PEORIA, Arizona -- When it comes to describing himself, MacKenzie Gore isn't much of a talker. He's reserved and more than a bit modest, his rather stoic personality not shedding much light on his emotions. That quickly changes when you bring up Luis Patiño.
PEORIA, Arizona -- When it comes to describing himself, MacKenzie Gore isn't much of a talker. He's reserved and more than a bit modest, his rather stoic personality not shedding much light on his emotions.
That quickly changes when you bring up Luis Patiño.
The unlikely friendship of a kid from Wilmington, North Carolina, and a Colombian native who didn't speak much English started when San Diego selected Gore straight from high school with the third overall pick in the 2017 Draft and sent him to Rookie ball in Arizona. One week later Patiño, whom the Padres signed as an international free agent in 2016, moved to the AZL from the Dominican Summer League. The pair connected almost instantly.
The Padres' top two pitching prospects both opened the 2018 season with Class A Fort Wayne, then carved up the California League last year before finishing the season at Double-A level and winning a Texas League title. They also debuted in their first big league camp this spring, both as non-roster invitees. And to top it off, the pair will likely be under strong consideration to join the Major League rotation at some point this season.
"It's awesome," said Gore, the No. 5 overall prospect entering the 2020 season. "My first taste of pro ball was with him and we've been up together the whole time."
"He's my best friend here," Patiño echoed with a grin.
A brotherly relationship is the easiest way for the duo to describe how impactful the other has been in their lives. They embrace a mutual understanding of supporting one another but with a determination to push each other to surpass their sky-high expectations. They're hungry not just to make the big leagues, but to dominate upon their arrival. To prepare for that, they've delved into the highest level of competition they could find -- each other.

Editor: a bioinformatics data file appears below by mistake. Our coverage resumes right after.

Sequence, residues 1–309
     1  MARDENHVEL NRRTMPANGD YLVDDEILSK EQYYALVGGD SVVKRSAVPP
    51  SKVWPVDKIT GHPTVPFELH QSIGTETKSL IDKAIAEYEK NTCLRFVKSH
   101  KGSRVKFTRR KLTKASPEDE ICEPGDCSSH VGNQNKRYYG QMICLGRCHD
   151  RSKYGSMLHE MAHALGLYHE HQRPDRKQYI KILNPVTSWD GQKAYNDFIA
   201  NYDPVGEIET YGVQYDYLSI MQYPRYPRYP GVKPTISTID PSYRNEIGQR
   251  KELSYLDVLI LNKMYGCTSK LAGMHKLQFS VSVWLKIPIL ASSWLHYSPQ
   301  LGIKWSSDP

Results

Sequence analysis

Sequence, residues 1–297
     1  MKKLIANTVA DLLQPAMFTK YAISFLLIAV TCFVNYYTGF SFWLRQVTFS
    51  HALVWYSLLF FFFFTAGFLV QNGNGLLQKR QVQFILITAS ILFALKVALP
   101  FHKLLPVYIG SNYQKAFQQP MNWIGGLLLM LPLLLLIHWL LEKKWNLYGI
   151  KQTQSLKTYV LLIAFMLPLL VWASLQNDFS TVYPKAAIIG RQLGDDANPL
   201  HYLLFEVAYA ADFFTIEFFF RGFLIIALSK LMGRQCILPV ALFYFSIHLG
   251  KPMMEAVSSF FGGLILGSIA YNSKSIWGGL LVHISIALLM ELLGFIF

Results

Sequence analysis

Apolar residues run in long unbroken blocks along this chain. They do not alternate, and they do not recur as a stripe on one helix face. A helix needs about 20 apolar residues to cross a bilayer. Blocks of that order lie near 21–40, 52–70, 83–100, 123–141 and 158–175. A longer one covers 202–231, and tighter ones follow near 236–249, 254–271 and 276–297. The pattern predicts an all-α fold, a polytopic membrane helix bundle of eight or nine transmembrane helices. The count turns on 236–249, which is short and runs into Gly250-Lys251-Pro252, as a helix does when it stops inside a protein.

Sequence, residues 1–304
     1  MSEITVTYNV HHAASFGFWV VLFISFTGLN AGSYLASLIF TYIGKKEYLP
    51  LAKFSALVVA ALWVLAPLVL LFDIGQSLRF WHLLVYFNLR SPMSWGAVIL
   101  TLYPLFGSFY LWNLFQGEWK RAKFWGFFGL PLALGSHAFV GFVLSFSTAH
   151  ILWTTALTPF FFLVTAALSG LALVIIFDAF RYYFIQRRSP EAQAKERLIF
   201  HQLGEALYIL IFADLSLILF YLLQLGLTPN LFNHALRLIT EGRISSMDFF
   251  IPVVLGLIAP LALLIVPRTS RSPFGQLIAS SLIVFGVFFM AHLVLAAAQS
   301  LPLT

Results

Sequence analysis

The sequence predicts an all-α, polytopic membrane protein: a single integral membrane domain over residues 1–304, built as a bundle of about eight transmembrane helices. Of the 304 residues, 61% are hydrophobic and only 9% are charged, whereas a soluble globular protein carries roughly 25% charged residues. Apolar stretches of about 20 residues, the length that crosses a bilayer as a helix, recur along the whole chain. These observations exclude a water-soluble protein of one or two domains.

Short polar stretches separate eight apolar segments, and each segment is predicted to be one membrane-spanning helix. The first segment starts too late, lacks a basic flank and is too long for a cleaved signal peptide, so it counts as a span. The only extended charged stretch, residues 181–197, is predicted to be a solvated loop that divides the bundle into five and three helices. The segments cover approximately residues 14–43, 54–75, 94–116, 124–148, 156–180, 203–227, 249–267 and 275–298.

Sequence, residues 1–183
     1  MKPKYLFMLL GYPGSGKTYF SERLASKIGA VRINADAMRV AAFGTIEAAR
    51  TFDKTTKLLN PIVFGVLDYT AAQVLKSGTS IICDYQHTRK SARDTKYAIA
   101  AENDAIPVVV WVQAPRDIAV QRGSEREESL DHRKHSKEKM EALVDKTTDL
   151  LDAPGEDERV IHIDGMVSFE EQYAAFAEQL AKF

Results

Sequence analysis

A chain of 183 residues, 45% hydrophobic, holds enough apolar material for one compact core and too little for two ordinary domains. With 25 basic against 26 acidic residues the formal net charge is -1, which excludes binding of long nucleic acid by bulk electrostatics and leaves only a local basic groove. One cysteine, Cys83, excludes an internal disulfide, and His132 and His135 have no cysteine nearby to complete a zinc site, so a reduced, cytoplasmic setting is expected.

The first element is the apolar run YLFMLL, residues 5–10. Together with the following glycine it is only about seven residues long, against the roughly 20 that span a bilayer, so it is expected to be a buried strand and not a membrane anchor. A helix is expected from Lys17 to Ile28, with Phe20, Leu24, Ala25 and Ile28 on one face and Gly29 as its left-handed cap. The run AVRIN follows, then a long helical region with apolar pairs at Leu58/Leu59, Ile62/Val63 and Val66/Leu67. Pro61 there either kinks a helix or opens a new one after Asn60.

"Playing with him in all levels is like we're pushing each other to be better, every single day," said Patiño. "We (joke) over who plays better, who had the best week, but it's helpful. We push each other and support each other on what we need to work on every day."
It was a former pitching coach, Pete Zamora -- who worked with both pitchers last season with Class A Advanced Lake Elsinore -- who coined the "brothers" phrase.
"He said we were brothers because we were always arguing or one-upping each other," Patiño laughed. "But (Gore's) like a brother because we talk about baseball, life, everything. He always gives me advice on what I need. At the same time, when I know he needs something from me or advice, we talk."
They're both described as fierce competitors, but the duels between the duo never turn negative. Their competitive nature stems from who they are as athletes, but Gore is the first to say it's a healthy competition, not an ill-willed one.
"We push each other, but it's never been like that," Gore said. "I want him to be great every time he goes out, and he expects me to be great. So we pull for each other, and we push each other. We've done a good job of not butting heads over the competition thing."